Not to Mention German Bisque Pairs

I have been bidding my time before tackling the question of 19th century German bisque figures. There are so many of them! Almost every antique shop or mall will offer a few good examples, many of them in pairs, and a surprising number of these holding a frame drum! In the past couple of years, we have collected a fair number, some in pairs, but occasionally a single figure. They are usually painted in soft pastels and some are very richly decorated.

I usually think of pre-World War I Germans as stern followers of Bismark, but these figures clearly appeal to the romantic side. They are so very sentimental! Pink and baby blue are favourite colours, even for some of the male figures.

The pair I would like to feature today has an interesting back story. I found them in a small shop called Acorn Farm Country Store on a rural property outside of Carmel, IN last October. They stand 15 inches tall, making them the tallest pair in our collection. When I found them, they carried a tag which read; "Bisque Boy and Girl / Wonderful Painting / Number on Base H.15 Circa 1890 (Price is for Girl ---- Boy is damaged and included at no cost)" When I read the price, I gulped as it was well over my usual spending limit for Bisque, but then it was the undamaged girl who was holding the frame drum! Here was a situation where where I would have to bargain. Thankfully it was a small shop and I was soon speaking to the proprietor.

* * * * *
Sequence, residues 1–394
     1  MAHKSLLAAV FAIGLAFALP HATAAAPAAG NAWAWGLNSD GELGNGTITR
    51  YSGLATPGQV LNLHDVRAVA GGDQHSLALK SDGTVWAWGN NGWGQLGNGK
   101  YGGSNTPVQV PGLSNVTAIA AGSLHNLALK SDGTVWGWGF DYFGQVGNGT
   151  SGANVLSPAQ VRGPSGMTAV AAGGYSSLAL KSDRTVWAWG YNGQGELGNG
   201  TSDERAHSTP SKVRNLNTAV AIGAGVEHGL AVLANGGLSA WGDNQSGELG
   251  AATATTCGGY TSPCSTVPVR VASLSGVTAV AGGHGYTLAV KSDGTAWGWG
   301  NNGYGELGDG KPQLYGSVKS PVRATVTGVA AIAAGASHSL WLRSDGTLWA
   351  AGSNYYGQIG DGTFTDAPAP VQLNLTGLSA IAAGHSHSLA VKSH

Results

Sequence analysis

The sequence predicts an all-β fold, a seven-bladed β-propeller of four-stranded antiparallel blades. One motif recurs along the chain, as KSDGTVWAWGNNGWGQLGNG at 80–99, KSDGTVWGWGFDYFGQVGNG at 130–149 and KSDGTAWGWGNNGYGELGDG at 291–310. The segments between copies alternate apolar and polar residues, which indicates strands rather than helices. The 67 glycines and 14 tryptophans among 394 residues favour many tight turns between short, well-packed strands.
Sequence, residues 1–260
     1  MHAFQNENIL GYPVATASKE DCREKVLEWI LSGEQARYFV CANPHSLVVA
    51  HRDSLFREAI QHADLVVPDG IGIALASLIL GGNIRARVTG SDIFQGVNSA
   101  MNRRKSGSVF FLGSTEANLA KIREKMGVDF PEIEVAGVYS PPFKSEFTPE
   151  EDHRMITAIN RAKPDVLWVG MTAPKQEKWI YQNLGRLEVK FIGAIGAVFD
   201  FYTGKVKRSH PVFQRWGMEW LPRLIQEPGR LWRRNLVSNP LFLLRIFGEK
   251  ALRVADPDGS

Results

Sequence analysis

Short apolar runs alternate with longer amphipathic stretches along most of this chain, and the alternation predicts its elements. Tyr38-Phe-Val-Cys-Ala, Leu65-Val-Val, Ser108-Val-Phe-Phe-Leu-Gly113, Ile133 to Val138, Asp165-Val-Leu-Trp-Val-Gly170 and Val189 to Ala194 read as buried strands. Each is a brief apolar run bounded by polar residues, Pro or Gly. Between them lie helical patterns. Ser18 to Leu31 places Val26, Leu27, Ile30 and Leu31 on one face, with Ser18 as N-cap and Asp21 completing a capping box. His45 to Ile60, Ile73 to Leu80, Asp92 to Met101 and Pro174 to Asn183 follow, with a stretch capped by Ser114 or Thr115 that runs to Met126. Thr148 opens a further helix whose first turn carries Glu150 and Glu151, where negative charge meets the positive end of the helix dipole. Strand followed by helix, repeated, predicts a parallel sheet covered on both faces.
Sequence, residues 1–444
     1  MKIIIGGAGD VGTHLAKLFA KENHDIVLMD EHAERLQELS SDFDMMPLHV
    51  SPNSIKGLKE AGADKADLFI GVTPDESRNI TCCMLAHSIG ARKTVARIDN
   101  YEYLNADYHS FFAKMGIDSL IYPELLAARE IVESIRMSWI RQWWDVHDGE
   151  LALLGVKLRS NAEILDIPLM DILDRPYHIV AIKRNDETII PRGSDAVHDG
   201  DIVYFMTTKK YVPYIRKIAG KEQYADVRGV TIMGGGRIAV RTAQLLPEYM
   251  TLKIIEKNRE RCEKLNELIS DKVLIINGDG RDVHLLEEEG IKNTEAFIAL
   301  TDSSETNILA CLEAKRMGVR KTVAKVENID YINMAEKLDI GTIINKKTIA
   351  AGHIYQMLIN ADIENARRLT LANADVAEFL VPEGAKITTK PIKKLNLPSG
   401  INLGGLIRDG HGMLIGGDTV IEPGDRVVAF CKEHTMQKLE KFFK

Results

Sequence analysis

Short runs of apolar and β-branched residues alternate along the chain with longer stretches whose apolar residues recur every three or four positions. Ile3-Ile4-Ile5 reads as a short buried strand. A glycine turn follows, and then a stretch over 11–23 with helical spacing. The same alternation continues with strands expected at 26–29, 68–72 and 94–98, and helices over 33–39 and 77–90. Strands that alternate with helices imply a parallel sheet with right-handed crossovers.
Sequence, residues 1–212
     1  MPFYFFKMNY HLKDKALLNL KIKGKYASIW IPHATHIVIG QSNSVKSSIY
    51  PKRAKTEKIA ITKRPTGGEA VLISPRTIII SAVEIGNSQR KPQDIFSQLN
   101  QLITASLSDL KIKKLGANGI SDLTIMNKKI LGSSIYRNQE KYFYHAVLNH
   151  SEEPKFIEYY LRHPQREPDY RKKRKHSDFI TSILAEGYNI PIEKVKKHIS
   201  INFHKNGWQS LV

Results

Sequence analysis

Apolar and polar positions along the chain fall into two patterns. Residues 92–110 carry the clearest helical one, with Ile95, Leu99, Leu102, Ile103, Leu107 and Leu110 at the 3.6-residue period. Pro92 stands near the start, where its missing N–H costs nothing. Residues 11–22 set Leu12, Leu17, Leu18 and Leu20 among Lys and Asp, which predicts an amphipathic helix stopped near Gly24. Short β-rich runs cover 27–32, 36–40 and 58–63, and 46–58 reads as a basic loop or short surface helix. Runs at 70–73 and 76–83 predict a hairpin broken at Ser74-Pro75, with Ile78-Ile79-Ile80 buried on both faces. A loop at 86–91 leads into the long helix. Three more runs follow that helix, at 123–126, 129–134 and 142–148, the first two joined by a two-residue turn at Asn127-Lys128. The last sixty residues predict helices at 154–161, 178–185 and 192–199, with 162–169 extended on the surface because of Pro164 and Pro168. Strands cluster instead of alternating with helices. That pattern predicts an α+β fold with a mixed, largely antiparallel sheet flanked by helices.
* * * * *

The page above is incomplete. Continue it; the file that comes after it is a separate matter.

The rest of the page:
I began my appeal by complimenting her on her shop and her collection. Getting down to the figure I was interested in, I remarked that while the price she was asking would seem appropriate if  the pair was in good condition,  the boy had been repaired, and bisque figures were at their most valuable when one had a matched pair without damage or repair. After hearing me out, she asked how much I would be prepared to offer. Thinking fast, I came up with a figure which I hoped would be acceptable. I offered her roughly 2/3rds of her asking price. She hesitated and then said that she would have to consult her notes. She brought out a binder which clearly must have recorded the prices she had paid, scribbled out something,  and looked up. I was expecting her to make a counter-offer, but instead she said that she could accept my price. So I had them. By the way, I would read the mould number on the back of the boy as 5175 (not H. 15). The figure on the girl is too faint to read.